Most of the time, we don’t give them the structure they need. We tell them ‘what’, but not ‘how’, and then complain when they do it wrong. “Kids, you may play with the ball. Stop throwing it at poor Suzie! Stop bouncing it off the walls! Stop throwing it out the doorway! Stop yelling when you throw! Stop running! This is your last warning! This is your last, last warning! I mean it! I’m going to write your name on the board! If you get 3 strikes next to your name you’ll be in hot water!”
Is this method full-proof? No, even Dr. Montessori acknowledged it wouldn’t work for everyone.
Is this method easy? No, it can be very difficult, frustrating, and time-consuming.
Is this method worth the effort? Yes, working with classes of intrinsically motivated students is sublime. Most teachers don’t get to experience it on a regular basis. I enjoy it multiple times per week.
Q: Aren’t extrinsic motivators the core of motivation sometimes?
A: Yes, but not all motivations are created equally.
Motivation exists on a continuum. Extrinsic motivation (motivation to do something as a means to an end) has been consistently linked with lower quality learning, enjoyment, and creativity, higher levels of stress, and increased likelihood of burn-out. Intrinsic motivation (motivation to do something for its own sake) has been consistently linked with higher quality learning, enjoyment, creativity, and continuing motivation. Intrinsically motivated students are more likely to adopt their coach’s values (exercise is important), avoid burn-out and participate in sports for longer periods of time, develop healthier relationships with classmates, and have more fun. The closer students move towards the intrinsically motivated end of the motivation continuum, the more enjoyable the learning process will be for everyone involved.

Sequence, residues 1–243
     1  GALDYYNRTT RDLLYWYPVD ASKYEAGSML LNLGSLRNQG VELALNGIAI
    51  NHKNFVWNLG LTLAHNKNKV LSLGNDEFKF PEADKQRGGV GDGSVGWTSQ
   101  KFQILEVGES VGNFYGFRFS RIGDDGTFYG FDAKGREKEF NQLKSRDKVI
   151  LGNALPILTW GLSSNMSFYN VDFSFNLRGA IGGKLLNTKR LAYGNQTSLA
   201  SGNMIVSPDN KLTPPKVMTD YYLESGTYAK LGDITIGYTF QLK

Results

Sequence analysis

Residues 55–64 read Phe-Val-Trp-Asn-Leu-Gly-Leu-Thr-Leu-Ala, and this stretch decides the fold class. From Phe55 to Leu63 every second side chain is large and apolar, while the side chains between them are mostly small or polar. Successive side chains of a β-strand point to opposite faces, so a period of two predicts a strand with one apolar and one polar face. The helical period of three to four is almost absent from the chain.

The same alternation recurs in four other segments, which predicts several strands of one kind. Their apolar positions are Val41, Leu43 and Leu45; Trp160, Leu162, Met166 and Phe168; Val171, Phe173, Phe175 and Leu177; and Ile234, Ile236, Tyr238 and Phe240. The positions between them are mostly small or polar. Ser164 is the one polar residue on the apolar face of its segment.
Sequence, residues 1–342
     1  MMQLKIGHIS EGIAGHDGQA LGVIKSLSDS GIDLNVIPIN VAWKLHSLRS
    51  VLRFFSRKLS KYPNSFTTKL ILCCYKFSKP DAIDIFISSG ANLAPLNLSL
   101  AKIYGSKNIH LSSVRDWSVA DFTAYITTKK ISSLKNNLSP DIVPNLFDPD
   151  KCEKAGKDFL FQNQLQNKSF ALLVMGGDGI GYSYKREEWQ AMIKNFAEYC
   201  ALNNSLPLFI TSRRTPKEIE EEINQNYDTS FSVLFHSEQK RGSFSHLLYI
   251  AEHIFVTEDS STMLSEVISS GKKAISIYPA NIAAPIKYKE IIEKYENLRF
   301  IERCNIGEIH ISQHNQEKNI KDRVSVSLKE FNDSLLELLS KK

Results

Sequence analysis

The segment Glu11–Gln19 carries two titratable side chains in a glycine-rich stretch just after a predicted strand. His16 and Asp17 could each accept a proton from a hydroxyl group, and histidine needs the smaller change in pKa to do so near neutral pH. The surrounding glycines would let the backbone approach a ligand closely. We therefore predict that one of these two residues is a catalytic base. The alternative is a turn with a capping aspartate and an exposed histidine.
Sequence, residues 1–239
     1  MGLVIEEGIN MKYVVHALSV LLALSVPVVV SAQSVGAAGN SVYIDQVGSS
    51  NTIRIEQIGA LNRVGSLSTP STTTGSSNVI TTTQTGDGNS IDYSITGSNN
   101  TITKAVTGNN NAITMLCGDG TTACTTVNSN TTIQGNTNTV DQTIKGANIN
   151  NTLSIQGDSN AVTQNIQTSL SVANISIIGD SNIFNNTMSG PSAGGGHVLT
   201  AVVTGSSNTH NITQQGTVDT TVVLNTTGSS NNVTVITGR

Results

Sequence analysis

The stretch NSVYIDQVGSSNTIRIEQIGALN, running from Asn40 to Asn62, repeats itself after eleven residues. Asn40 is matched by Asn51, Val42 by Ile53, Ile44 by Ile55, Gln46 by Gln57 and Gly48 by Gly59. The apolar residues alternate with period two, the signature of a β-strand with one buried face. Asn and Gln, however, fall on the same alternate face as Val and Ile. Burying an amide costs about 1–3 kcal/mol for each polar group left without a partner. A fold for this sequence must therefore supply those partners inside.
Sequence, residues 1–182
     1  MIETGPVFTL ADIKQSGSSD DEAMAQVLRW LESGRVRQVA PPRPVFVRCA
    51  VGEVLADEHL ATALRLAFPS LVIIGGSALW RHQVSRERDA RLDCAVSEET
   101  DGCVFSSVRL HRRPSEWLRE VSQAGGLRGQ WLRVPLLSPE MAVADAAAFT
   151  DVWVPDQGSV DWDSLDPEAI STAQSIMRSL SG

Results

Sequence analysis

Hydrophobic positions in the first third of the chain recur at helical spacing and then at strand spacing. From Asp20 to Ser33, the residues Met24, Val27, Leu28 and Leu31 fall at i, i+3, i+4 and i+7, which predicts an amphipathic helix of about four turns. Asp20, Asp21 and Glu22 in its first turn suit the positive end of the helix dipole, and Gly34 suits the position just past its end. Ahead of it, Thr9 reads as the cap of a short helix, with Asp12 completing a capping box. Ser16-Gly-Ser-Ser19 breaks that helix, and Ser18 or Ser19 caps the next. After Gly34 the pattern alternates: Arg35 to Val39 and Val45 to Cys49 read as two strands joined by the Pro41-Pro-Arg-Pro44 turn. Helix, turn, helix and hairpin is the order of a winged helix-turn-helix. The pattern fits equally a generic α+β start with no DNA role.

Are there times when I use extrinsic motivators? Yes, sometimes the kids are doing something dangerous I have to stop immediately, or they’re doing something annoying I want to stop immediately.
Have fun with the kids! Give them structure, freedom, and support. They will love and obey you (eventually)!
Jesus said to Judas (not Iscariot), “If anyone loves Me, he will keep My Word; and My Father will love him, and We will come to him and make Our home with him.” (John 14:23)